Now, with this in mind, you are ready to read some of the coverage of the announcement that Sloan has decided to leave the Baylor presidency, stating his conviction that the board of regents will carry on with Baylor 2012. It will be interesting to see how openly the “moderate Baptists” attempt to campaign for a president who wants a “Baptist” university but not a “Christian” university.

Here is the Sloan package at Christianity Today and here is the main story at the dominant newspaper in the state, the Dallas Morning News. The old, establishment, mostly moderate Baptist newspaper in Texas — the Baptist Standard — has posted a story offering its perspective.

Above all, anyone interested in these latest developments at Baylor should take the time to watch the video coverage of the actual press conference in which Sloan and Board of Regents Chairman Will Davis discuss what led to this moment and what might happen next.

Let me end with a quote from the Dallas Morning News coverage that offers a hint of the real issues in this bitter conflict — even if the reporter did not fully grasp what this Sloan opponent was saying.

“Traditionally, Baylor has been an outstanding academic education with a Christian atmosphere that produced lots of good teachers and lawyers and physicians and dentists,” said former regent Gracie Hatfield Hilton of Arlington. “It has not been a research institution. Research is great and fine and good — I am not opposed to it, but that is not what Baylor has traditionally been about.”

The key word? “Atmosphere.” There is “education,” then there is “atmosphere.” Two spheres. That’s the story.

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About tmatt

Terry Mattingly directs the Washington Journalism Center at the Council for Christian Colleges and Universities. He writes a weekly column for the Universal Syndicate.

  • Ken

    Thanks for the summary; this whole problem at Baylor never made sense, but that’s because I was looking though the fundamentalist/liberal controversy template.

    I will take some time to review the links tomorrow, but I do want to comment that the “soul competency” thing is very much in line with something I read in the Baptist Standard 20 years ago: the central, basic doctrine of the Baptist religion is that competency of each soul to stand before God without mediation and determine truth.

    Also, you might have said that the DMN is the dominant paper in north Texas. The Houston Chronicle is also distributed statewide; I have seen in in a newstand as far north as Temple, a bare 30 mile south of Baylor.

  • David

    Since you have done a superb job laying out the important distinctions, and pointing those of us who are not familiar with the details to important documents, permit me to contribute one further clarification in language. You say that some Baptists are “pseudo-Unitarians”.

    That implies to my ears that they pretend to be Unitarians but really are not. I think what you mean to say is better stated by the prefix “quasi-” or “crypto-”. They have the religious affiliation of Baptists, but the religious commitments of a Unitarians. If I was writing this, I would tend to say that they are “crypto-Unitarians.” Whether or not that makes them “pseudo-BAPTISTS” is for Baptists to decide.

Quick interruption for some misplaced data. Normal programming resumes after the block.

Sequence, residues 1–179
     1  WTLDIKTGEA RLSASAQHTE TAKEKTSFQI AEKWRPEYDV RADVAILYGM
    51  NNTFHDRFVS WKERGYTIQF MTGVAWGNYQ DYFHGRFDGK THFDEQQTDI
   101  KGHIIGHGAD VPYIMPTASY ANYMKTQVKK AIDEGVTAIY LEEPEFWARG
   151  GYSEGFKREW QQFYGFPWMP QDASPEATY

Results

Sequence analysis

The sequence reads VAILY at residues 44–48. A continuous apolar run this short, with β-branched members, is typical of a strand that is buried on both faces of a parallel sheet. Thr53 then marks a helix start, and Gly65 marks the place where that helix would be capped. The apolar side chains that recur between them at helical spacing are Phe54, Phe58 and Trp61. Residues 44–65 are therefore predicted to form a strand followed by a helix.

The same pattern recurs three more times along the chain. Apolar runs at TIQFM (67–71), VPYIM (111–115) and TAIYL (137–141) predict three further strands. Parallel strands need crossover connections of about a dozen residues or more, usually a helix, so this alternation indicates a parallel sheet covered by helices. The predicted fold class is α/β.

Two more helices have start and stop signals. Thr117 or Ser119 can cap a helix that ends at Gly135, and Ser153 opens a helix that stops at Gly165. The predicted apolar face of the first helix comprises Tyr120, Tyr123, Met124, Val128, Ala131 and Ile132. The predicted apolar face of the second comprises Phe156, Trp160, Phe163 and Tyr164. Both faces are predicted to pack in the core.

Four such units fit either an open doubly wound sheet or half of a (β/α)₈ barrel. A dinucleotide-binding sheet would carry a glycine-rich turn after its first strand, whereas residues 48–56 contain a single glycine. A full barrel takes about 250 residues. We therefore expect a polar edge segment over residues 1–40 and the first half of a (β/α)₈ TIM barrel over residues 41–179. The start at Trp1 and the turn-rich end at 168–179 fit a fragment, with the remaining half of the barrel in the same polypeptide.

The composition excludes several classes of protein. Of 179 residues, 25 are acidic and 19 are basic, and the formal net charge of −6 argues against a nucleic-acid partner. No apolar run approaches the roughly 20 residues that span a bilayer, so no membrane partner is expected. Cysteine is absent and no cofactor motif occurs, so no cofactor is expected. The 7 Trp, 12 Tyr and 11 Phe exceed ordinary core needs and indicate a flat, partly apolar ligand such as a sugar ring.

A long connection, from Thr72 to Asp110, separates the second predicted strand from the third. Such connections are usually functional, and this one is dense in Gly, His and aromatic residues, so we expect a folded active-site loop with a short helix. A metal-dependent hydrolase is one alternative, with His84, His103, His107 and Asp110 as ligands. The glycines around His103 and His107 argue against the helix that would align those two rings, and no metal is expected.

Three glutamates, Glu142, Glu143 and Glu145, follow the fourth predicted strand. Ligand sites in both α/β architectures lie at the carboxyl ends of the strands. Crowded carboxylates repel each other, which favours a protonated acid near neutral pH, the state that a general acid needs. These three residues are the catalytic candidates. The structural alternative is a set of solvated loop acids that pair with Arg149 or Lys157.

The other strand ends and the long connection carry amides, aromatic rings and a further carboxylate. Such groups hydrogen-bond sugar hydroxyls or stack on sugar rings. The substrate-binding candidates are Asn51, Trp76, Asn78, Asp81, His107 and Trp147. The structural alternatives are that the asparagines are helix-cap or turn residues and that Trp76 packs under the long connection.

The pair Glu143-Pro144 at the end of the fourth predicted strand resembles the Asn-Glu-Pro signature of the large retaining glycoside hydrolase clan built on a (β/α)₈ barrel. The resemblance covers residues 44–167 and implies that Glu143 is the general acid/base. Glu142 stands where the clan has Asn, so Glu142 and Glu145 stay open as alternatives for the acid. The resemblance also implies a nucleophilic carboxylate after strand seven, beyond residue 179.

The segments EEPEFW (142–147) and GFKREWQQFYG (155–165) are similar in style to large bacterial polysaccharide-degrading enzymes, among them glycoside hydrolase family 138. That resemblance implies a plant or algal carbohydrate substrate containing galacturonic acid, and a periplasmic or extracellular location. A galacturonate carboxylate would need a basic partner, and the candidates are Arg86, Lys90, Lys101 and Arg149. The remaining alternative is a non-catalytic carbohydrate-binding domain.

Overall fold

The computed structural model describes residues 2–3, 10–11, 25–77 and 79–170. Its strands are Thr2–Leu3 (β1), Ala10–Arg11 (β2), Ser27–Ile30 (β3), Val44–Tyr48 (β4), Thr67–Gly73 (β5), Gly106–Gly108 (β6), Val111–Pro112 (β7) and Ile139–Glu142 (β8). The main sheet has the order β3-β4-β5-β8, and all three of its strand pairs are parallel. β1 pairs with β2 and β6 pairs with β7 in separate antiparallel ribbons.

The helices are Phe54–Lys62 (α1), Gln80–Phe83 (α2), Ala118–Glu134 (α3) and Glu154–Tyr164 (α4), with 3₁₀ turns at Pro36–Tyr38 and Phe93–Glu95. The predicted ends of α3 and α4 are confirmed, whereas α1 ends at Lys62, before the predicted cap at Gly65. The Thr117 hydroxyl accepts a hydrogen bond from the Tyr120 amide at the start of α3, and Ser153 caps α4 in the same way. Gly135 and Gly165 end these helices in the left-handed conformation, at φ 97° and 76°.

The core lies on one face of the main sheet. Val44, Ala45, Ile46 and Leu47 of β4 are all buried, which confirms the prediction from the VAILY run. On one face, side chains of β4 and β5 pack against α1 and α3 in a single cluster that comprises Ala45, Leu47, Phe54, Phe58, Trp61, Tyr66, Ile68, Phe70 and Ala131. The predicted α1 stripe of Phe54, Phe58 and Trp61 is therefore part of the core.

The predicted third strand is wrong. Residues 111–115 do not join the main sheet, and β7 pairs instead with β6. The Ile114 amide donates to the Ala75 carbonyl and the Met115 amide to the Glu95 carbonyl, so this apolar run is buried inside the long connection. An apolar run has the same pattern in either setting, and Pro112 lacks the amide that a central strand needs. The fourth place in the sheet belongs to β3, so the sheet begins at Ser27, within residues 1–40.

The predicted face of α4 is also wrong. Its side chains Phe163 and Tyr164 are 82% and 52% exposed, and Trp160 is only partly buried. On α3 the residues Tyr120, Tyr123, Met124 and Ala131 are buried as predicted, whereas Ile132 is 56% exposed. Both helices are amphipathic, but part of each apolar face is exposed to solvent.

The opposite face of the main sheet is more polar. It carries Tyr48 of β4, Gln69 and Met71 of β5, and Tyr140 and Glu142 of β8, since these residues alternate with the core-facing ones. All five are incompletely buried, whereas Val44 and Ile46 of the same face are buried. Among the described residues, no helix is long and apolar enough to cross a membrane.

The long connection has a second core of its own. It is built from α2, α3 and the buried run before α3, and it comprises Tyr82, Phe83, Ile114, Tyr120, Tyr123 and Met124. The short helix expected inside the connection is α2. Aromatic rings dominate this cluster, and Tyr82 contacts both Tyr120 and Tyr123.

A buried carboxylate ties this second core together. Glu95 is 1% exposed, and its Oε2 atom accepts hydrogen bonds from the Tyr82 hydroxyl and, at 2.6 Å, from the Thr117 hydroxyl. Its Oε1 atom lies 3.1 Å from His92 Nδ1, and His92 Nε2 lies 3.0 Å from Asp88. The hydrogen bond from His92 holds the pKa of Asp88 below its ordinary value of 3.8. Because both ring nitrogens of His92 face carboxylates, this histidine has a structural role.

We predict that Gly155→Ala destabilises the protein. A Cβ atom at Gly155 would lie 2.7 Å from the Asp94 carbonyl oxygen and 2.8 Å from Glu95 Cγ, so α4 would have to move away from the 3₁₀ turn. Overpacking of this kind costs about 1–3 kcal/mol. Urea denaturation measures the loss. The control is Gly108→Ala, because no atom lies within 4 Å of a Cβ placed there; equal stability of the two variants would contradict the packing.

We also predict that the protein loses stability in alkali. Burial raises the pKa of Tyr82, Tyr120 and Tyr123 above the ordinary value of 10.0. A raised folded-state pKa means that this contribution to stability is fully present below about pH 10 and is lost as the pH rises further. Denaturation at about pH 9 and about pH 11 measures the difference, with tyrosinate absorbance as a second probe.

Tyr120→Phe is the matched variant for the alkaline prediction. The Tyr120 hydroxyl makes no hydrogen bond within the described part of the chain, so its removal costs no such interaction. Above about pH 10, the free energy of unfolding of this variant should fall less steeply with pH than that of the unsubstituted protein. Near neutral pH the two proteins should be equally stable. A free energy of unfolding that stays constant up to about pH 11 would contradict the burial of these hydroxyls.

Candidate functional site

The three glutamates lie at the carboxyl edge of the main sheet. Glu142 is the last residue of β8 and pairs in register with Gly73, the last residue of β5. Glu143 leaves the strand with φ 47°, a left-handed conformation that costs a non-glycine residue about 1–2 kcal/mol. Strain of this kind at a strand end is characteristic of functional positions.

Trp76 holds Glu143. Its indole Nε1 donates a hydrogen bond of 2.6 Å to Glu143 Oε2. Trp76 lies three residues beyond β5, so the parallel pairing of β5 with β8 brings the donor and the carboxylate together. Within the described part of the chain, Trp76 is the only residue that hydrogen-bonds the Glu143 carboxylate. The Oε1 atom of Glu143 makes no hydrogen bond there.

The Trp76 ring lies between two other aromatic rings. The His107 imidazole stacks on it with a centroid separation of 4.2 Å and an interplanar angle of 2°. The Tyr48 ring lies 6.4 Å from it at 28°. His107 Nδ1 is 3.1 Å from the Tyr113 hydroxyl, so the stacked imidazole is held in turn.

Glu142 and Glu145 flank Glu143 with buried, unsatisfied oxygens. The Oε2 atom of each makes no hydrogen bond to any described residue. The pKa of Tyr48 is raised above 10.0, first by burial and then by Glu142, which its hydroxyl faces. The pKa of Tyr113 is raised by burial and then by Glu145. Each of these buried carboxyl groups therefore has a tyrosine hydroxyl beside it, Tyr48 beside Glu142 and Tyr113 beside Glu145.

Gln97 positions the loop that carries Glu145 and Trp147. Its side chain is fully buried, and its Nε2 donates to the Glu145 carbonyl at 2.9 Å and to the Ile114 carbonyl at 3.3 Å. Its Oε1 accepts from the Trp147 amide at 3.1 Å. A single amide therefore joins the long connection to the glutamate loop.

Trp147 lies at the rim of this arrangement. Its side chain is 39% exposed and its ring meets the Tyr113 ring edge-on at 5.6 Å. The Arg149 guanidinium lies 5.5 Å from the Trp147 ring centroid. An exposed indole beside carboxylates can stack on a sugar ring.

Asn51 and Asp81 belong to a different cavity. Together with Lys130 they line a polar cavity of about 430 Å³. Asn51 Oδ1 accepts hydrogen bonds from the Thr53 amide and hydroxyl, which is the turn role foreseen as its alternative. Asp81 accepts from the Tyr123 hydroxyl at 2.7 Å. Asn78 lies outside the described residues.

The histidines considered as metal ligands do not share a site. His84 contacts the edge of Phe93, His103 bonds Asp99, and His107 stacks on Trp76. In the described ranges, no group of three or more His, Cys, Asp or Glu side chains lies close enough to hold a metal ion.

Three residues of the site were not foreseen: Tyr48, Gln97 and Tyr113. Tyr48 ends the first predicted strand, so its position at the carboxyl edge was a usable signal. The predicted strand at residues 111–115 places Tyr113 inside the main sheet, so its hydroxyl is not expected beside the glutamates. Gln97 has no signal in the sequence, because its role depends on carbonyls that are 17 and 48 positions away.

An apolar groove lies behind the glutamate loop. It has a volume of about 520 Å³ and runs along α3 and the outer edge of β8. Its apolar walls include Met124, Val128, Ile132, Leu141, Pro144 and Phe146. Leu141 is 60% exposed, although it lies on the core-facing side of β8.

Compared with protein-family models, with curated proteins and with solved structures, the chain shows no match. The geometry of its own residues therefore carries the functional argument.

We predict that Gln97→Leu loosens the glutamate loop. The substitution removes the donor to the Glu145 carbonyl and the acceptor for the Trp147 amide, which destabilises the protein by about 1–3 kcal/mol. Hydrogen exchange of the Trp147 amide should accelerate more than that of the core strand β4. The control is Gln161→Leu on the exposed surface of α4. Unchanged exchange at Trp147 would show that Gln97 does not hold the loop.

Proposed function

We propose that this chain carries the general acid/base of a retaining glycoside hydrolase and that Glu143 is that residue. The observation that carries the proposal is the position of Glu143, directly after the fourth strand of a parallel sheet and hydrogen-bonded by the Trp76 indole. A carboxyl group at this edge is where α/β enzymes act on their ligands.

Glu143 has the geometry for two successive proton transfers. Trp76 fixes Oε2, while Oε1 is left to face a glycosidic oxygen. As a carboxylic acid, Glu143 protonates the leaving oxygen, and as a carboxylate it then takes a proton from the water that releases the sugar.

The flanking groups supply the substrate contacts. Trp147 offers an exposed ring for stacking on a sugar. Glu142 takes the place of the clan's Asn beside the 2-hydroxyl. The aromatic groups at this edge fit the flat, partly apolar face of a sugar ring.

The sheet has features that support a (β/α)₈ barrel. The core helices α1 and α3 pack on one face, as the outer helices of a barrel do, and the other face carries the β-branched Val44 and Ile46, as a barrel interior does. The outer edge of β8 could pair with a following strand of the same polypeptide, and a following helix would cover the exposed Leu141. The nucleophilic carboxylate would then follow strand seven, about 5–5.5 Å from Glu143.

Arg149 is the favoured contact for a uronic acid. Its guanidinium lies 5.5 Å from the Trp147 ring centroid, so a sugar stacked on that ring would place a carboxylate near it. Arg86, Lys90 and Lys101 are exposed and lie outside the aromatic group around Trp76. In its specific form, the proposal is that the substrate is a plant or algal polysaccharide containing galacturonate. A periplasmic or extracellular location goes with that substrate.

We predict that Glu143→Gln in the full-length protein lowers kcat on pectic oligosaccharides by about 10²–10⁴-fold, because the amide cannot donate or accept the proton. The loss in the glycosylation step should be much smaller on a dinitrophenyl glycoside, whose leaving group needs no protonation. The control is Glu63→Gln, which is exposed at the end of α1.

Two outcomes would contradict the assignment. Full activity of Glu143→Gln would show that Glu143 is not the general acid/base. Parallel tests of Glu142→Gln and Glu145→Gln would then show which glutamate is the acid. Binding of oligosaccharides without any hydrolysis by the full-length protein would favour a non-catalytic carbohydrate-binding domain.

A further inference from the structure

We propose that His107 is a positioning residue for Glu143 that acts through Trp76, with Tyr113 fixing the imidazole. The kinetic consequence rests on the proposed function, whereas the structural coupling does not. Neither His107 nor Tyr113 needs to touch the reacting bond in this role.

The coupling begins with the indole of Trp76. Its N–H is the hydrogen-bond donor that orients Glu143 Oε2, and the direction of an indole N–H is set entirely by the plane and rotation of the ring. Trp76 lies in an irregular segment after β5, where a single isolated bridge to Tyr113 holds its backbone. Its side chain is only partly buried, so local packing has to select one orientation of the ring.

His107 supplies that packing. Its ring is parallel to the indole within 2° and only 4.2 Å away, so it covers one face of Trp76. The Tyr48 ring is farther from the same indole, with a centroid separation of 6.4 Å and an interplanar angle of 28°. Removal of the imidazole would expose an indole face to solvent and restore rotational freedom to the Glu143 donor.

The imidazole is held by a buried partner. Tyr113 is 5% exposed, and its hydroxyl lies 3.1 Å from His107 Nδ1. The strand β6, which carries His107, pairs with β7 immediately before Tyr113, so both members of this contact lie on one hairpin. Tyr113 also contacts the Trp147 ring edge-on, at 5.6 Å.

Thanks again for your excellent work.

  • Clayton Jackson

    This was a nice summary of the pro-Sloan viewpoint, and one of the hallmarks of it is that it tries to make the Baylor battle one between those who believe in Christian education and those who don’t–between “pseudo-Unitarian” Baptists and orthodox Baptists. That’s NOT the battle that’s happening, although a lot of Sloan supporters want to put it in those terms because it gives them the moral high ground and makes their opponents look like immoral liberals. The reasons that people have wanted Sloan out are more practially driven than theologically driven.

    –Financial: tuition has risen dramatically since he’s been President, Baylor is over $260 MILLION in debt, there is little money to hire new faculty, professors are having to buy their own photocopy paper–and all the while, the budget for “administration” has risen dramatically and Sloan’s salary went from $275K in 1996 to almost $600K now. The same week he cut benefits for new employees (to save $3 million a year) he bought a private jet (for the same price) without the regents permission. He routinely has given his supporters on the faculty up to 9% raises, while his detractors have received 0-2%. Those kind of actions do not build goodwill, and they have nothing to do with his stance on Christian education.

    –Moral: the Sloan administration has practiced vindictive policies with the faculty. What does it say that 85% of the faculty voted no-confidence in him this year and the faculty senate has voted the same thing over the past two years? They did so because Sloan uses his power to bully and intimate those who do not agree with his tactics. Several people have been denied tenure at the very end of the tenure process after having been given stellar reviews up to that point–and the denial happened with little or no explanation given. In the pursuit of their vision, they felt justified in de-railing academic careers, hurting feelings and families, and causing untold pain, stress, and hardship in the lives of those who resisted. They have intimidated others into silence, bullied those whom they have power over, threatened those that they don’t, and have practiced cruel and vindictive revenge on those who have crossed them. Put simply: the Sloan administration’s mistreatment of people has been the single biggest cause of the resistance against him.